BON Business Object Notation and/or design by contract for Python?
Kurt B. Kaiser
kbk at shore.net
Tue Feb 10 20:08:07 CET 2004
"Brad Clements" <bkc at Murkworks.com> writes:
> Has anyone examined BON (Business Object Notation)
I bought a copy of the book years ago and read through it fairly carefully.
It's pretty interesting.
BON was an unfortunate name :-)
> http://www.bon-method.com/index_normal.htm (sorry frames)? This book
> was published in 1996 and is out of print, but the full text is
> available at the website in PDF format. Also there's a Visio tool on
> the site for doing BON layout. There's also a text only version of
> BON specification
> I'm especially interested in the "two way" aspect of BON and it's relative
> open-ness compared to UML.
I've never been a UML fan. BON looked better.
Reverse engineering is essential to avoid having the documentation
decouple from the code. Rational Rose has "two-way" UML, IIRC.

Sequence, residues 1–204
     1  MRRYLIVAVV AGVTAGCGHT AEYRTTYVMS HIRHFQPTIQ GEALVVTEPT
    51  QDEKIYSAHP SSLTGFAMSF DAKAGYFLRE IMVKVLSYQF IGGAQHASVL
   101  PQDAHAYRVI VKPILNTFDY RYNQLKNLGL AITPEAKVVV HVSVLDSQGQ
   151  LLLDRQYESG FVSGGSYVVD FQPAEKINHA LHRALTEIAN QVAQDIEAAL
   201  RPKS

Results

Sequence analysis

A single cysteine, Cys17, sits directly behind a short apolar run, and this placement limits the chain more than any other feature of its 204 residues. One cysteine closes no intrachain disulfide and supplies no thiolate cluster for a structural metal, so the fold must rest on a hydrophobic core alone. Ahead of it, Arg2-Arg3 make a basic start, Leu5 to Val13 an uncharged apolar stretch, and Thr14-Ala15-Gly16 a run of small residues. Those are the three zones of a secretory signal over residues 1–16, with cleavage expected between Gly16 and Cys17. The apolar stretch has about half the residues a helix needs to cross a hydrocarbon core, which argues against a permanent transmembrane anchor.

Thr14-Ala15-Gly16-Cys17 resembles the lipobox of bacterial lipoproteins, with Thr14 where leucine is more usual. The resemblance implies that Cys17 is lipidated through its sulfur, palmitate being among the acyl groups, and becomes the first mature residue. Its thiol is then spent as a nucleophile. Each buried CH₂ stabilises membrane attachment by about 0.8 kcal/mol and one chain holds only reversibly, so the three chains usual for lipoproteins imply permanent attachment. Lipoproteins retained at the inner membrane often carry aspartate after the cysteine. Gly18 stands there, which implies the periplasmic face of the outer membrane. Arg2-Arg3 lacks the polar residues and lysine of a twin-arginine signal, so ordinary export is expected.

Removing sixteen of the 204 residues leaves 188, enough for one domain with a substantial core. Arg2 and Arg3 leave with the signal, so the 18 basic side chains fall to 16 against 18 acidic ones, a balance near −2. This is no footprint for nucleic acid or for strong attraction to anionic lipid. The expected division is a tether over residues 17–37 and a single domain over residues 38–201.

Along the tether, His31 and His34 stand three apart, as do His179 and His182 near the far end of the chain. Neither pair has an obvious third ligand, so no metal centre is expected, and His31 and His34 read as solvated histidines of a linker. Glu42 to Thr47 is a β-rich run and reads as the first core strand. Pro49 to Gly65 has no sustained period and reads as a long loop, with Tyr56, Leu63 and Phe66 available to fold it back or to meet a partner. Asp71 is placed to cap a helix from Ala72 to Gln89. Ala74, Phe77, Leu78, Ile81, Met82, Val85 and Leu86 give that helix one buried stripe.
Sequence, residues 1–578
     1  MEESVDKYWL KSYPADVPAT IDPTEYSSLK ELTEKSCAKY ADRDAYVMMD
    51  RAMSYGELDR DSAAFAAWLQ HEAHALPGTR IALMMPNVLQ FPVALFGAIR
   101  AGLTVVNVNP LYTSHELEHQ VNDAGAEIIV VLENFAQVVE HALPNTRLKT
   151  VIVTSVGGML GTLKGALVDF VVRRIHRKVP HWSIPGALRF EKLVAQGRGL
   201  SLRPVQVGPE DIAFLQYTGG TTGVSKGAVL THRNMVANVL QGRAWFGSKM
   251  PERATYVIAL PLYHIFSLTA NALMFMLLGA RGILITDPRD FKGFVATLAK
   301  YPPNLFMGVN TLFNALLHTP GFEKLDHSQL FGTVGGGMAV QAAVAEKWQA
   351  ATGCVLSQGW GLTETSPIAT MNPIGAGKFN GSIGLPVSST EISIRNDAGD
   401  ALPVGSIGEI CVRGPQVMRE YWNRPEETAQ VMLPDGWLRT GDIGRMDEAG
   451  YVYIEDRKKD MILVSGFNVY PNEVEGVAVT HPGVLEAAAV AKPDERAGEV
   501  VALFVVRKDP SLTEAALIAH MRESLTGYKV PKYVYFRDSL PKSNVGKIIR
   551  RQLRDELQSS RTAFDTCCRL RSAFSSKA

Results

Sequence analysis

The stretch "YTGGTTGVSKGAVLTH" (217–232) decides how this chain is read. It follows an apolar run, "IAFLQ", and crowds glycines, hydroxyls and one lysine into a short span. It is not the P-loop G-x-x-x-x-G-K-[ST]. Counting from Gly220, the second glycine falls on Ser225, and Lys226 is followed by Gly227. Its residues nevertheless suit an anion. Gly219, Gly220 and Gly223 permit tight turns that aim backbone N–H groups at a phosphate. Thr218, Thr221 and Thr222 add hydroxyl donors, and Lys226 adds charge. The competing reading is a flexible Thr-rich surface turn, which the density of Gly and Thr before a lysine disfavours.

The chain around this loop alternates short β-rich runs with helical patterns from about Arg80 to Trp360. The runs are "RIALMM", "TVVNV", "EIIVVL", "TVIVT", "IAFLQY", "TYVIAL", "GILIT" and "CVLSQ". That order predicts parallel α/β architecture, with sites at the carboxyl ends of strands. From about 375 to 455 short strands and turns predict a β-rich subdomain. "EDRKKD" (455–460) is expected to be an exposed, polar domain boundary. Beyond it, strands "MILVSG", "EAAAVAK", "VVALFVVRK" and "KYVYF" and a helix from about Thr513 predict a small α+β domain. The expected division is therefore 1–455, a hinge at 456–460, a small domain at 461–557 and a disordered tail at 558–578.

> Has anyone tried BON? (on a Python project or not)
ISE "implemented" BON, but it was a terrible job. Last time I looked,
it was very buggy, the demo crashed all the time, and only implemented
the static part of BON. That was 2 - 3 years ago, I haven't checked
back. It's /gotta/ be better by now, but a real implementation has to
include the dynamic part :-)
BON now appears to be part of EiffelStudio, but only in the $5000 version.
It doesn't look like I'm going to be able to update my opinion :-)
> BON supports invariants, which leads to design by contract. (I haven't done
> any design by contract yet)
DBC is quite interesting. Most of the examples I've seen use it
incorrectly, IMHO. They essentially end up writing the code twice,
once in the precondition/postcondition, and once in the body of the
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